I was sorry to hear of Vancouver poet Elise Partridge’s death in late January. Not because I knew her—I didn’t—but because, even though a poet’s words will still exist after she dies, that death ensures that there won’t be any more words than what’s already out there. And by all accounts, it would have been a privilege to know someone who was, in the words of Damian Rogers, poetry editor at House of Anansi, both “an uncompromising artist and a kind, supportive person.”
I read through Chameleon Hours, her second book, in one sitting, and found poems that are both compassionate and forthright. She doesn’t back away from suffering or the prospect of death; in fact, it’s a constant theme throughout. Yet what’s striking is not so much the presence of this theme, but the sustained attentiveness displayed in the poems—attentiveness, and affection. Whether she’s talking about a friend, a family member, a mosquito caught in a spiderweb, the letters of the alphabet, or her own experience with illness, she shows herself to be “a close and compassionate observer” (quoting Damian Rogers again) with a real and deep love for the world.
Both the Globe and Mail’s obituary and an interview in The Puritan mention something remarkable: as an undergraduate at Harvard, Partridge had a poem published in The New Republic. In the interview she explained:
In the spring of 1977 I took two courses with Robert Lowell at Harvard, when I was a freshman there… I took voluminous notes (as was my anxious habit in all my courses). One professor I studied with later at university asked us to try a dramatic monologue; I was having trouble inventing a character and put into blank verse some of the remarks Lowell had made about various poets in those spring seminars, which the professor, to my surprise, eventually asked to publish.
I found the poem, “Four Lectures by Robert Lowell,” in The New Republic’s online archive (under Ms. Partridge’s maiden name, Tompkins). After reading Chameleon Hours, it was interesting to see that motif of suffering and death running through this early poem. And, through her careful note-taking, her keen attentiveness comes through as well.
At first glance the premise seems a bit odd—not the dramatic monologue format as such, but a poem in which the persona lectures about other poems. At the same time there’s a vividness here, a distinctive personality and voice that make the “lectures” engaging even for someone (like me) who knows neither Lowell nor the four poems that are the subject of the lectures.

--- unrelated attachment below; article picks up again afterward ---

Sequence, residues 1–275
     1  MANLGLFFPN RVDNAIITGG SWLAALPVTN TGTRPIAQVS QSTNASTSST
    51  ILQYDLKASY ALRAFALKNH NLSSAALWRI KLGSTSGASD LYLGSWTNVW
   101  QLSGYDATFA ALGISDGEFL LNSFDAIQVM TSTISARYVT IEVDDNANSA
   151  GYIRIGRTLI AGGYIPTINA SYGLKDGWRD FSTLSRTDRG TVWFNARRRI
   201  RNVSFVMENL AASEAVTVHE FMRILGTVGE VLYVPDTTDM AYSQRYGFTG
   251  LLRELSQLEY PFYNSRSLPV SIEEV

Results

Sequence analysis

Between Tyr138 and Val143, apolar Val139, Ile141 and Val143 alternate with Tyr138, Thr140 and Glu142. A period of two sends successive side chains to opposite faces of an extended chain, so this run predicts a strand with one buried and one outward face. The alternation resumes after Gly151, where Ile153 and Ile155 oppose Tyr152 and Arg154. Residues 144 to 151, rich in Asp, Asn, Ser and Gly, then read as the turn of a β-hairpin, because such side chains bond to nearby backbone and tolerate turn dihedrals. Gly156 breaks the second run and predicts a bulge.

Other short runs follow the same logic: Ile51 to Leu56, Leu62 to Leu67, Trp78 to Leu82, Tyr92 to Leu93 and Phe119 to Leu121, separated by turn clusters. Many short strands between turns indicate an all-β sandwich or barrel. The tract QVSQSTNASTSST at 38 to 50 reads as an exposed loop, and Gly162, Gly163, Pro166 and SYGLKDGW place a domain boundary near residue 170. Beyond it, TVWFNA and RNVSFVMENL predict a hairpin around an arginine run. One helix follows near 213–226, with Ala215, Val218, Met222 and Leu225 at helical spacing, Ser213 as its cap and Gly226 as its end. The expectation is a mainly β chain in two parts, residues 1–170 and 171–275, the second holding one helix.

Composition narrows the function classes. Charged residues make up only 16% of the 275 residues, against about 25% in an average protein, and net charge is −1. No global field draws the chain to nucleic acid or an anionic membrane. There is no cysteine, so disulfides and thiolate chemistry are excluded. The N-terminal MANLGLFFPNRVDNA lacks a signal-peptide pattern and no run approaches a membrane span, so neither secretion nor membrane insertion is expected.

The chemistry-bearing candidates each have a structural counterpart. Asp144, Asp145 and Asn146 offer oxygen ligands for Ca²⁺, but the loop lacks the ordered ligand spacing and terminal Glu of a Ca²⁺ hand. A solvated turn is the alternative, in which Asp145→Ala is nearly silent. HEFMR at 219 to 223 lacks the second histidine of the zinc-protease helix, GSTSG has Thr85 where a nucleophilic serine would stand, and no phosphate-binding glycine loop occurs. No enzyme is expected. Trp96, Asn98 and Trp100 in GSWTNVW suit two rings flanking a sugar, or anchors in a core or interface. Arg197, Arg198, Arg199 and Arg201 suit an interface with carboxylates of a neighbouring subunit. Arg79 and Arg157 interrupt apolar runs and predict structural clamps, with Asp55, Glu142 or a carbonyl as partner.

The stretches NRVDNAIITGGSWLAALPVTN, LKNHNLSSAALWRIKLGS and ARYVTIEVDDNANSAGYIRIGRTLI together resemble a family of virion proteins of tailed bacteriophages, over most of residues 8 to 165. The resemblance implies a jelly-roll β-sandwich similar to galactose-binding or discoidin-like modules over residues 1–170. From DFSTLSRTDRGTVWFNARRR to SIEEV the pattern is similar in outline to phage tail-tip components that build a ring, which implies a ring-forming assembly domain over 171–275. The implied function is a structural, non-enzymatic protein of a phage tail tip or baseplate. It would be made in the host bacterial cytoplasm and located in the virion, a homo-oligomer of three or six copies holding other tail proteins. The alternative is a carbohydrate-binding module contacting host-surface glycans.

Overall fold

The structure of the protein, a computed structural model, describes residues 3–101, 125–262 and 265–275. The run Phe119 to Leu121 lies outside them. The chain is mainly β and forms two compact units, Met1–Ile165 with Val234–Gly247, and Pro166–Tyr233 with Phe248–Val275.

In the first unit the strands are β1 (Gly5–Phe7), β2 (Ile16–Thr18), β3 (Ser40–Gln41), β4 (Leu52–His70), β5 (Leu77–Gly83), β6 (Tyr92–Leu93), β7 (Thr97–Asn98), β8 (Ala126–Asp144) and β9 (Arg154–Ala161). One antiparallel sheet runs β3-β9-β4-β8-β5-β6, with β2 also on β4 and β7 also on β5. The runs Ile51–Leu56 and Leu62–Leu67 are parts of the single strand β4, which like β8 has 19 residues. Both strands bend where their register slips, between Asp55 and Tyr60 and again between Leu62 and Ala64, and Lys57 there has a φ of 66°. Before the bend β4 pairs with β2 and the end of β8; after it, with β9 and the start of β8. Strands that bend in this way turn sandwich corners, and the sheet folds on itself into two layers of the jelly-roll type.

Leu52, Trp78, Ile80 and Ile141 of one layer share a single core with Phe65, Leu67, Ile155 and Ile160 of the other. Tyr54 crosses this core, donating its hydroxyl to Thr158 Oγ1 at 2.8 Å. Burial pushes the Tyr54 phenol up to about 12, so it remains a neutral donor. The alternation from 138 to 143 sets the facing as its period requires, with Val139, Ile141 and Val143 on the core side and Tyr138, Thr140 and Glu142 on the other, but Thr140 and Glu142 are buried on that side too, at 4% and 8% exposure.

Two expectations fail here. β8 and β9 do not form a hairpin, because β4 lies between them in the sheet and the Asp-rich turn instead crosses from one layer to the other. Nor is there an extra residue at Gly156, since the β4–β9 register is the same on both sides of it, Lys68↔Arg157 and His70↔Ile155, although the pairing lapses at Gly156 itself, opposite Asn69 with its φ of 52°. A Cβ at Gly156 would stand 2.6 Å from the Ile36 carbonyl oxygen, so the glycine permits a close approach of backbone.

In the first section,”On ‘Repose of Rivers’ by Hart Crane,” the repetition of “sea” and the ebb-and-flow rhythm give it the feeling of an incantation more than a lecture. And then, after characterizing the sea as “Remorseless, sinister, hard, and the end/ Of all things,” it turns around and ends with this: “Don’t read this just as death-wish;/ Crane was unusually full of life.”
The second section, “On ‘The Yachts’ by William Carlos Williams,” gets into more discussion of technique, but then in the middle of the section something else happens. Lowell wonders if Williams’ yachts can be compared to “Anything beautiful trampling over all/ It doesn’t notice. Beauty’s terrible/…” —and those few lines bering the reader deeper into Williams’ poem and at the same time leap out beyond it.
The fourth section, “On ‘Goodbye My Fancy’ by Walt Whitman,” has only six lines, but those few lines succinctly express both the elegance and the power of Whitman’s poem. The final line—”Your eyes water, reading it”—could easily refer to many of Ms. Partridge’s own poems.
Ms. Partridge’s first two books, Fielder’s Choice (Vehicule, 2002) and Chameleon Hours (House of Anansi, 2008) are available through retailers or directly from the publishers. Her third, The Exiles’ Gallery, which she was able to finish editing before her death, will be published this spring.